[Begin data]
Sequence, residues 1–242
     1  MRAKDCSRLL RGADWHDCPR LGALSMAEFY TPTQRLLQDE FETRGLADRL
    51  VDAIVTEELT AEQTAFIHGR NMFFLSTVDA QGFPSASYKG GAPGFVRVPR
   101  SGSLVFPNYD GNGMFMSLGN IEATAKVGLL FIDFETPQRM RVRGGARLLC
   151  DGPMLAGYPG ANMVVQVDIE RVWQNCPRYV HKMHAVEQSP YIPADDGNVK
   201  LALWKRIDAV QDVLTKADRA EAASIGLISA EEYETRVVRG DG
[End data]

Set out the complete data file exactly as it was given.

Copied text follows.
Sequence, residues 1–242
     1  MRAKDCSRLL RGADWHDCPR LGALSMAEFY TPTQRLLQDE FETRGLADRL
    51  VDAIVTEELT AEQTAFIHGR NMFFLSTVDA QGFPSASYKG GAPGFVRVPR
   101  SGSLVFPNYD GNGMFMSLGN IEATAKVGLL FIDFETPQRM RVRGGARLLC
   151  DGPMLAGYPG ANMVVQVDIE RVWQNCPRYV HKMHAVEQSP YIPADDGNVK
   201  LALWKRIDAV QDVLTKADRA EAASIGLISA EEYETRVVRG DG